This morning I was standing in Piccadilly Circus awaiting the arrival of a family from Boston for a walk around Westminster. There's a very famous statue in Piccadilly which everyone calls 'Eros'. Funnily enough, it was built as a fountain (not a statue) and was never officially called Eros, but I think, the Shaftesbury Memorial Fountain. Whilst I was standing there, a Police car pulled up, a couple of Police Officers got out, wandered over to Eros (I'll call it Eros too) had a look up at him, then got back in their car and drove off. Obviously, my interest was firmly piqued, so I investigated and discovered that this morning, Eros was looking a bit different, he was wearing a gas mask.
Later in the morning we were standing outside Buckingham Palace and noticed that the statue of Queen Victoria also had some sort of gas mask. Around lunch time, Jason, who was on the walk, pointed at the statue of Horatio Nelson on top of his column in Trafalgar Square, exclaiming that Nelson also had a gas mask. Of course he did. We obviously discussed who could be responsible and what were their reasons ... deciding that it was some kind of protest about air pollution. It would seem that we were correct.
Early this morning, under the cover of darkness, Greenpeace activists scaled quite a number of statues around the capital, fitting each of them with their own unique and specially made gas mask; highlighting the need for improved air quality. Winston Churchill, Queen Boudicca, Oliver Cromwell and Thierry Henry are now all part of the same club. I hadn't even known that footballer Thierry Henry even had a statue ... so that was news to me.
It would seem that the Greenpeace teams responsible for adding these accessories to the statues, did so with utmost care so as not to cause damage, and on top of that, you'll notice that each of the gas masks were designed specifically for the recipient. Horatio Nelson's mask includes an anchor and ships wheel, reflecting his sea faring prowess, whilst the mask worn by Eros is replete with hearts. Each mask was apparently made by artist Chris Kelly.
London is often in the news due to its high levels of pollution, so it's perhaps no surprise with the Mayor of London and London Assembly Elections about to take place next month that Greenpeace have chosen this moment to highlight the capital's pollution problem in a daring, visual and striking way, encouraging people to sign their clean air petition, calling for Prime Minister David Cameron to develop a clean air action plan.
Aside from my regular weekend 'pay what you want' London walks, during the week I put together 'private walks' for people based on what they'd like to get out of the walk. Usually people let me know whether it's their first visit to London, whether they'd like to see a few sights, or other things. It might be I meet them where they're staying or arrange a suitable meeting point. I usually split these walks up in to either half days (up to 4 hours) or full days (up to 8 hours), although I'm pretty flexible. Here are some of the people I met and private walks I did in March.
Top left is Peter & Ulrika from Germany who braved a particularly wet and miserable day to explore Westminster, the main government & Royal area of London where they happened to be staying. They're pictured in Covent Garden with St Paul's 'the Actors' Church' behind them. The portico you can see in the background formed the setting of the opening scene of the play 'Pygmalion' by George Bernard Shaw, later to become the musical 'My Fair Lady'. Top right is Catherine and her team from a law firm based in the City of London. I met them for a post-work walk around their office, taking in bits of Roman wall, the City's fascinating history and of course St Paul's cathedral; the steps of which you can see them standing on. Bottom left is Daryl and his family in Cecil Court, often said to be the inspiration behind Diagon Alley in the Harry Potter books. Bottom right is Brenna and her brother in Spitalfields after a walk around east London.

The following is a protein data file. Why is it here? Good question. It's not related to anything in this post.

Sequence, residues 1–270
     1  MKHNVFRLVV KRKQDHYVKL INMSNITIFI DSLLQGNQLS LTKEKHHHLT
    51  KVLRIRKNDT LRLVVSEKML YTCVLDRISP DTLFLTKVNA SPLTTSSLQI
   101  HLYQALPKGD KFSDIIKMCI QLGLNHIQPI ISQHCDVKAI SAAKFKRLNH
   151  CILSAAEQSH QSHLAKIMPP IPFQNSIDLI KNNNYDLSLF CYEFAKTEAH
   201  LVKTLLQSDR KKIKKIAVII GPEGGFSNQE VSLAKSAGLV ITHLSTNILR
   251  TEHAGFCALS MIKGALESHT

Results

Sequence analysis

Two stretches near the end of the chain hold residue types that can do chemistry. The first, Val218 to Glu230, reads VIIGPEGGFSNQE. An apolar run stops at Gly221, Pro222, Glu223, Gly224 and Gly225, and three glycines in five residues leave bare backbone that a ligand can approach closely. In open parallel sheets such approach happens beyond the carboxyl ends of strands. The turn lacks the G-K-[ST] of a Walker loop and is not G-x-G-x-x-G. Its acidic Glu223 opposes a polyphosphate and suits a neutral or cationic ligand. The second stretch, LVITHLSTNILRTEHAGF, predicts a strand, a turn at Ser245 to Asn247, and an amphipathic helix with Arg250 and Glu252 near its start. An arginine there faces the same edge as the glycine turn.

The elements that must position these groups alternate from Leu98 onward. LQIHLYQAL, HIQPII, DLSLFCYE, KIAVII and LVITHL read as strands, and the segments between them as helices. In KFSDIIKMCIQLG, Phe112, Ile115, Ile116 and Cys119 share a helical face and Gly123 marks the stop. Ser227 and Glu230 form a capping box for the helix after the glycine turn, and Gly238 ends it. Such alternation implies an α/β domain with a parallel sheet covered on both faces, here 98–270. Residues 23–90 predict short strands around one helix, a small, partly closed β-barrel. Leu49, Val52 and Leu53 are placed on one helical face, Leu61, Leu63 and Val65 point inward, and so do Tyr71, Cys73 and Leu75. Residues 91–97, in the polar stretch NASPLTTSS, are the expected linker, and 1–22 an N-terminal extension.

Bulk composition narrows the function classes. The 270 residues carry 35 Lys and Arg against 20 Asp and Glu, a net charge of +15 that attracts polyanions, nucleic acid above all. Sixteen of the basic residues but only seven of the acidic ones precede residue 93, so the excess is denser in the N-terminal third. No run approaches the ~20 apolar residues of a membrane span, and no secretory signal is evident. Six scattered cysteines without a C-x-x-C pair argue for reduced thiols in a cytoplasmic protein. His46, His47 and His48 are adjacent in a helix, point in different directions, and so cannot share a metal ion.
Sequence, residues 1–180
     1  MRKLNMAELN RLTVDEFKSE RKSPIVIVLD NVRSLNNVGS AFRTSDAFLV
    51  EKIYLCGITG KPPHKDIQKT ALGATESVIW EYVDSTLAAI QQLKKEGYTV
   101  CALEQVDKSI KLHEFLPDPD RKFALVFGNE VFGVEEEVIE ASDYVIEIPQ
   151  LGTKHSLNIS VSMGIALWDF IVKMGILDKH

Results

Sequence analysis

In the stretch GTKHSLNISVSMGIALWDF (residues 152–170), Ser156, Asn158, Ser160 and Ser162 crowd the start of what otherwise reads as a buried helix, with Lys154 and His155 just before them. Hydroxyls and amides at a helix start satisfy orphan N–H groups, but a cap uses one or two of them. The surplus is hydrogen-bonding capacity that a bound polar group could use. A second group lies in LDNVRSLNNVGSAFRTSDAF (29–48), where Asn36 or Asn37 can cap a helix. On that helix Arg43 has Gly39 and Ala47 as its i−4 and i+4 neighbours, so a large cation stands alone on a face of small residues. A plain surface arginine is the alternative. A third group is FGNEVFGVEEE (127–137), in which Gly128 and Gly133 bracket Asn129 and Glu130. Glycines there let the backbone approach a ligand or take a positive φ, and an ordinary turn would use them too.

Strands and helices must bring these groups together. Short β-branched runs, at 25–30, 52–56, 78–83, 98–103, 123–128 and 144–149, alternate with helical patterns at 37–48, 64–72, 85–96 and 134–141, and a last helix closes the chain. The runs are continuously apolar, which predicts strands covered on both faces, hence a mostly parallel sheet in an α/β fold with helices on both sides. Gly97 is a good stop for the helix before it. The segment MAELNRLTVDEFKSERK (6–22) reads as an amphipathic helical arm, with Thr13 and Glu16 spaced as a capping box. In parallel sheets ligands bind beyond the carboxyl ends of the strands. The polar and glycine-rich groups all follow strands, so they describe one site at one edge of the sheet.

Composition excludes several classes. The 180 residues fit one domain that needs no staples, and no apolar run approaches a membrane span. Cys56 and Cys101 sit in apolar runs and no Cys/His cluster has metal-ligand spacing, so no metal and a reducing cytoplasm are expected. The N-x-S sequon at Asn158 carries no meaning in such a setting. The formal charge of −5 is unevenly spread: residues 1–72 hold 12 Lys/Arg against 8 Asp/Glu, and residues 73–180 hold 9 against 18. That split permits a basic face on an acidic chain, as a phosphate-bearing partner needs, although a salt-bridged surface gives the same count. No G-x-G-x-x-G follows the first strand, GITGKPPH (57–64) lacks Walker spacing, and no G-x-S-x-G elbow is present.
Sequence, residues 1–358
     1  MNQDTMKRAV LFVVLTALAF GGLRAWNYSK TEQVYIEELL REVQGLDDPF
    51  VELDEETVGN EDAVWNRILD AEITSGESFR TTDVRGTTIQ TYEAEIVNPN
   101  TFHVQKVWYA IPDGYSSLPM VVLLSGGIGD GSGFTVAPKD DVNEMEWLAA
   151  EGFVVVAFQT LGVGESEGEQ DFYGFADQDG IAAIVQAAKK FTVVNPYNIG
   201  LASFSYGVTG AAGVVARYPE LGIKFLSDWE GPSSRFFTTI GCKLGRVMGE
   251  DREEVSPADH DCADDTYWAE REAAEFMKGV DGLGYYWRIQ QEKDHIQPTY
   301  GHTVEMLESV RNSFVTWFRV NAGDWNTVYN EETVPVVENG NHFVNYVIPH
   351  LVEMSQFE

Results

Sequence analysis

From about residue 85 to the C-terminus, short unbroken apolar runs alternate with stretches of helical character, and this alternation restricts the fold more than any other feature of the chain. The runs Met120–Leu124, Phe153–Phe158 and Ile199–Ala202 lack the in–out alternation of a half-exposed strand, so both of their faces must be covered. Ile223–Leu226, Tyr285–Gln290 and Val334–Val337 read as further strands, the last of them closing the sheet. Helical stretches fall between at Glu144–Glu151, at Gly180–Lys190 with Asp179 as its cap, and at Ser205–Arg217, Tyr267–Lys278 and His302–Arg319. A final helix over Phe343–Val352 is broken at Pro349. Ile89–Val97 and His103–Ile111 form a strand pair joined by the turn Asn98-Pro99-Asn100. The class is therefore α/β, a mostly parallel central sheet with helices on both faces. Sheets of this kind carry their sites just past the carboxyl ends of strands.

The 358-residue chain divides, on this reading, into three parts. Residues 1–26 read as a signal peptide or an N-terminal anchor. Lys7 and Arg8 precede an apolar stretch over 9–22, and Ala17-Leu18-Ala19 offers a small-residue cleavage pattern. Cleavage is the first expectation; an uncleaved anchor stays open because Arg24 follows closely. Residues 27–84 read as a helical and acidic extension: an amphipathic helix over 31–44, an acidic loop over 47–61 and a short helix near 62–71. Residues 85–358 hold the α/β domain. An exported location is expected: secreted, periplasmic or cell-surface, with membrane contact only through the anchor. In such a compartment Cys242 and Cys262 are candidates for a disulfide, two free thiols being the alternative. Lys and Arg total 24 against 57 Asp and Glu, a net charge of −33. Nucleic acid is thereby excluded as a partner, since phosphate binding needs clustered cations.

Top left is Felisse and her two sisters who were visiting London from the Philippines. We spent pretty much the whole day together, beginning by the Tower of London and iconic Tower Bridge, finishing up in Westminster. Top right is Margaret and her crew from the States who also did a full day extravaganza, beginning and ending at their hotel, the Waldorf Hilton on Aldwych. You can see them with the statue of Hodge, the beloved cat of Samuel Johnson, compiler of the first definitive English dictionary in 1755. Bottom left is Lena and her family just before I dropped them off for a well deserved pub lunch after exploring the sights of Westminster including, Big Ben & the Houses of Parliament, Westminster Abbey and Buckingham Palace. Bottom right is Dennis and his family outside Farlows on Pall Mall who have been selling fishing equipment and outdoor gear since 1840. In fact, it's where Prince Charles gets his fishing tackle and waterproof clothing. Dennis's father is a keen fly fisherman, so we all popped in to Farlows, so Dennis could get a peculiarly English fishing based gift for his father.
The final set of photos show Jeanmarie and her family after a street art based walk around Shoreditch, Brick Lane and Spitalfields in east London. Top right is Susan & co. in Postman's Park in the City of London, which houses an intriguing memorial to 'Heroic Self-Sacrifice'. Bottom left is Cynthia visiting London from the States before heading off to Italy for a week or so. She is standing in the rather lovely Whitehall Gardens. Last but not least is Marc & co. in St James's Park. If you look very, very carefully, you might make out Buckingham Palace in the background.
If you are visiting London and would like a fun, informal and informative guided tour ... then please feel free to get in touch.
Bowl Of Chalk
Bowl Of Chalk based shenanigans.